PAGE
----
How to perform Database cloning

Last updated on August 27th, 2016 at 11:16 am

What is Database cloning:
A database clone is a complete and separate copy of a database system that includes the business data , the DBMS software and any other application tiers that make up the environment. The cloning can be done on same host or seperate host.

What is the need of Database cloning?

Cloning may be required for several reasons
1) Create a test env which is replica of Production. IT and Buisness can test the things before moving the changes to Production
2) Create a temporary env to recover the dropped table on Production.Suppose a user drop a table by mistake in Production. We can restore the Production backup on the seperate host and recover before the table drop to recover the table data. Then this table can be imported in Production
3) Many times system which hosts the database get retired then at that we need to reclocate the database to the new host.
4) Creating another Production env from the existing production

There could be many more things.
How the Database cloning is performed?

There are two parts of cloning
1) Oracle software cloning

2) Database  cloning basically the datafiles  and instance

We will specifically talk about DBMS software cloning in this post


How to clone DBMS software

Prerequiste: Please note that Perl 5.6 or higher is required when cloning Oracle11g Release 2.

Step 1 : Create a tarball of the source home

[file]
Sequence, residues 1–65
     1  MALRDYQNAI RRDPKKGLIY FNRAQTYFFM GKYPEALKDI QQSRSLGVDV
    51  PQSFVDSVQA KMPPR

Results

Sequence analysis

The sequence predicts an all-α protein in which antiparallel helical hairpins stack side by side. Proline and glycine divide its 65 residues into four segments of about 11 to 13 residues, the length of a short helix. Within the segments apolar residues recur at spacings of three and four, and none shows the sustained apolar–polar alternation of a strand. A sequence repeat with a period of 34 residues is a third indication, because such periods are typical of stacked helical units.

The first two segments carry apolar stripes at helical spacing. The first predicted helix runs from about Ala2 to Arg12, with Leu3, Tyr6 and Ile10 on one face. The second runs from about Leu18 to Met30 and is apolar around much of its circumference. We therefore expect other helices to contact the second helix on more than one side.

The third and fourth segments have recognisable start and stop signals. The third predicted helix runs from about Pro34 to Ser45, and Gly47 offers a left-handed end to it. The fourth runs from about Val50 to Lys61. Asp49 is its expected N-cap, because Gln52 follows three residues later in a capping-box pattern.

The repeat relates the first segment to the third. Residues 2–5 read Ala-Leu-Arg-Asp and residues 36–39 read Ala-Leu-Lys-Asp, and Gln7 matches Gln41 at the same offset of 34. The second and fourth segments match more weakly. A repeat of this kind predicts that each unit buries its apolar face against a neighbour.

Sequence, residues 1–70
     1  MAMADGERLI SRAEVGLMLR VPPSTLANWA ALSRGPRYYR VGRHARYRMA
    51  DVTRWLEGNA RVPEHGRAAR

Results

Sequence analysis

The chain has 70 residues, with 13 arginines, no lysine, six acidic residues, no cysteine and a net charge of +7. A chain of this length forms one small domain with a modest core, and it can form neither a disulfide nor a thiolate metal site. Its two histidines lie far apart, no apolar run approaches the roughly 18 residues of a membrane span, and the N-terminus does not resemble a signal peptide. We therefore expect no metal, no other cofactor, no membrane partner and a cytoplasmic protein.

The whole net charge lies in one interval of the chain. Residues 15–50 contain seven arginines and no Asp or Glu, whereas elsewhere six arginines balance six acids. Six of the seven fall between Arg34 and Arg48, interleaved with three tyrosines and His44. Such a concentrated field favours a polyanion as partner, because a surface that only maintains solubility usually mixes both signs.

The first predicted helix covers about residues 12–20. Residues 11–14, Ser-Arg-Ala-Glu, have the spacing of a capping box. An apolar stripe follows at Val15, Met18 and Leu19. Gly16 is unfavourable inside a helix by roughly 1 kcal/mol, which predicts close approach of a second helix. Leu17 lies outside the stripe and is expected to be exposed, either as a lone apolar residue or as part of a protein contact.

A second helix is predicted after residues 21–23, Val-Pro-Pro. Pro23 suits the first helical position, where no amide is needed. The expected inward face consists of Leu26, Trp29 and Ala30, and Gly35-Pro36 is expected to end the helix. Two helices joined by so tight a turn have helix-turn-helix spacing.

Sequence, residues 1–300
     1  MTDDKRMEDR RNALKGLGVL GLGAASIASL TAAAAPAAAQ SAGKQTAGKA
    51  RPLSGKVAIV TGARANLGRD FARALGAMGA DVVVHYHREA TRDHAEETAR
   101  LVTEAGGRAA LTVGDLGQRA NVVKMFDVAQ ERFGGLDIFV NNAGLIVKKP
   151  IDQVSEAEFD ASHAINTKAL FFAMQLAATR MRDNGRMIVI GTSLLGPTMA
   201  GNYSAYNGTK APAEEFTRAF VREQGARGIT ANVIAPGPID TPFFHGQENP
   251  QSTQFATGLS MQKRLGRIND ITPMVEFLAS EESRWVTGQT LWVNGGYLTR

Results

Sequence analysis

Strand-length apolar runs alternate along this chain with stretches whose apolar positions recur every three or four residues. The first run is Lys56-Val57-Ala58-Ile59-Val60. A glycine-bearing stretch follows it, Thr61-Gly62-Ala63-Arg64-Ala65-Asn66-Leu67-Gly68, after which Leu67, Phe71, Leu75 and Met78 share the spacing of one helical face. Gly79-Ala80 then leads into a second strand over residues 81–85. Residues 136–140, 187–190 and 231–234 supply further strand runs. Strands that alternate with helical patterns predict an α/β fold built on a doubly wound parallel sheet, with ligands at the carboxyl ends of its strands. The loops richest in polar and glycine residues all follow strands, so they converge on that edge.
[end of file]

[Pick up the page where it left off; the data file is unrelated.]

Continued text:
tar -cvf /tmp/clone_oracle.tar .

and copy it to the target host

Some points to note
1) Do not use the command “tar cvf /tmp/clone_oracle.tar $ORACLE_HOME” because the full path for the $ORACLE_HOME will be included in the clone_oracle.tar file and this will cause issues while extracting the tar files on the target note
2) There should be no requirement to shutdown any databases, listeners, agents etc. that are running from the source home before copying the source installation because any processes that load the static binaries or libraries into memory should not hold a write lock.
3) If you can run the tar with root owner,then it would be great as the permission and time would be preserved
We can also use cp or rcp in case tar is easily available, use -p option to preserved timestamp

For example:

cp -Rp /u064/app/oracle/11.2.0 /u01/app/oracle//11.2.0_clone

NOTE: This command can be executed by either the ‘root’ user or the owner of the $ORACLE_HOME (for example, ‘oracle’). The intention is to make sure that the ownership of the files is preserved correctly. Some files in $ORACLE_HOME/bin are owned by root and have the SUID / SGID set:

-rws–x— 1 root oinstall 20872 Apr 24 12:00 nmb
-rws–x— 1 root oinstall 28720 Apr 24 11:59 nmo
-rwsr-x— 1 root oinstall 1340408 Sep 25 2011 oradism

Step 2) Untar the tarball into the target location

cd <location>
tar -xvf /tmp/clone_oracle.tar

Again it would be good ,if it can be done with root user

Few things to check after the unpacking

1) If the target host username/group is different, the change the file owner and group
find . -user <UserA> -exec chown <userB> {} \;
find . -group <groupA> -exec chgrp <groupB> {} \;

2) check that the validity of any symbolic links has been preserved. Ensure that the links point to files/directories in the new target home, not files/directories in the source home. If necessary, re-create the links.

3) If you are cloning on AIX, make sure that the script has been executed on the target server. This can be found on the Oracle11g Release 2 media.
Step 3) Run the following command to clone the installation with the Oracle Universal Installer (OUI):

cd $ORACLE_HOME/clone/bin
perl ORACLE_HOME=”<target_home>” ORACLE_HOME_NAME=”<unique_home_name>” ORACLE_BASE=”<path_for_ORACLE_BASE>” OSDBA_GROUP=<OSDBA_privileged_group> OSOPER_GROUP=<OSOPER_privileged_group>

Important points to check